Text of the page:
Measuring effectiveness of propaganda campaigns: How unpopular is the Obamacare individual mandate?

Previously, this blog pointed out that public opinion polls are primarily a measure of the effectiveness of propaganda. Routinely, members of the public are asked to have an opinion on subjects about which they likely know little and what they do know was disseminated to them through a variety of propaganda methods and channels.

The following item illustrates this well.

Trump said the individual mandate is “highly unpopular.” As recently as February 2017, a YouGov poll found that 65 percent of people opposed it, a finding that is consistent with earlier polls from other organizations. That’s a fair sign of the provision’s unpopularity.

On the other hand, when people were given more details about the mandate, they had a more favorable view, as high as about 60 percent.

Source: How unpopular is the Obamacare individual mandate?

The second paragraph confirms the thesis – a public opinion poll is measuring the effectiveness of the propaganda campaign and little else.

To illustrate, here is additional propaganda on this subject. There is much discussion of whether or not there must be an individual mandate. What if the individual mandate is a moot issue due to how the ACA itself is written?

The authors of the ACA defined what was meant by “affordable” – if the price of insurance is too high, the government cannot force someone to purchase insurance. Here is an example – a 64 year old married couple living in Laramie, WY with an income of $65,000 per year is above the subsidy cut off level – that means there is no subsidy assistance to them.

The lowest cost Silver plan available to them is (quoted screen capture from HealthCare.gov for 2018) a staggering $49,000 per year:

First, you may be surprised that ACA insurance premiums can cost near $50,000 per year. Second, you may surprised that a person with a $65,000 pre-tax income has an ACA insurance bill of $49,000 per year with a $5,000 deductible – and no subsidy. This means their costs are $54,000 per year … or about 100% of their after tax income.

Clearly, this couple cannot afford ACA insurance. The ACA recognized this and this can be seen in IRS Form 8965. For 2016, if the least cost Bronze plan exceeds 8.13% of your income (modified adjusted gross income or MAGI), then you are exempt from the mandate. The least cost Bronze plan for this couple is $2,750 per month or $33,000 per year.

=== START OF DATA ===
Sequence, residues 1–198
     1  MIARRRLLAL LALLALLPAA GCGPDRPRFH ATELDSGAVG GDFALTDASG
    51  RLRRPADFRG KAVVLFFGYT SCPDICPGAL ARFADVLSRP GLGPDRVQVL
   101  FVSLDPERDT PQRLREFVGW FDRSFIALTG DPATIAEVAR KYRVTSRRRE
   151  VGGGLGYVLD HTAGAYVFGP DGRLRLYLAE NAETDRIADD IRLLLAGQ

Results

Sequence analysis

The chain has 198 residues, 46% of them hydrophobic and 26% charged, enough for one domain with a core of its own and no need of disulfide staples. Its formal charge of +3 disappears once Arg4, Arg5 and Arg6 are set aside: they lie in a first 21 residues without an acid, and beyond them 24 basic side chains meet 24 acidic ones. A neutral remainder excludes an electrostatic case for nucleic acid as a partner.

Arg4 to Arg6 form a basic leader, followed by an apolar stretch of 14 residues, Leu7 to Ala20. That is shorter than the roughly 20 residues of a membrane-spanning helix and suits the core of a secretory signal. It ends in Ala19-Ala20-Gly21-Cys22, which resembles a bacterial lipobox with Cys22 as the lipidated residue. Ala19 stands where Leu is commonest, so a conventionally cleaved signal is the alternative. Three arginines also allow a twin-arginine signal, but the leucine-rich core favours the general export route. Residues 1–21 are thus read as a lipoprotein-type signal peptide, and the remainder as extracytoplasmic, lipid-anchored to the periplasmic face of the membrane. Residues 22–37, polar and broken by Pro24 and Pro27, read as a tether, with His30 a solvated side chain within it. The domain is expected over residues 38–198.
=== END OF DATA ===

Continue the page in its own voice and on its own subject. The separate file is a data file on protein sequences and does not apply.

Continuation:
If this couple’s income is LESS than $405,904 per year, then they are exempt from the ACA individual mandate to purchase this insurance per IRS Form 8965.

For couples or families over age 45-50, the ACA rates have risen so high, so rapidly, that  s likely a majority, and nearly everyone over age 55, are exempt from the individual mandate, by law.

If your insurance costs are $750/month, then you are exempt if your income is less than $110,000 per year. Surprised?

In effect, the individual mandate is a moot issue for perhaps most of the unsubsidized market.

When you see actual ACA price quotes like the above, what do you think of the individual mandate?

Does this illustrate how a public opinion polls merely measure the effectiveness of propaganda campaigns?

Notes

In Laramie, WY, there is a Gold plan that costs less than the cheapest Silver plan – for a mere $40,000 per year. Why is the Silver plan used in this example? Because the US Department of Health and Human Services uses the Silver plans as the “benchmark” and subsidies are given out based on the pricing of the lowest cost Silver plan in each market.

Is Laramie just an outlier? Perhaps, we have not looked at all markets. It is common, however, for the ACA rates to run $25,000 to $35,000 for families in different locations in the U.S. The NY Times just noticed this for the first time in November of 2017 – check it out. (The NY Times diagnoses the wrong root cause, however – to learn about the actual root cause and possible solutions see my paper.)

Why is there no subsidy for this couple? Because the subsidy cut off level has nothing to do with the cost of insurance. The cut off level is set to 400% of the regional poverty level. There is no connection what so ever to insurance costs. Thus, a couple earning $65,000 per year has an insurance premium of $49,000 per year and is ineligible for a subsidy. If they made just $1,000 less per year, they then qualify for a $43,316 per year subsidy from the taxpayers. (Of interest, the out of pocket payment by the subsidy recipient works out to about the 8.13% value – as insurance rates rise, the subsidy payment increases to keep the consumer’s costs at the ACA defined affordability level. Of interest, in another year or two, the costs of insurance for some will exceed their annual income – and the subsidy value will also exceed their annual income too).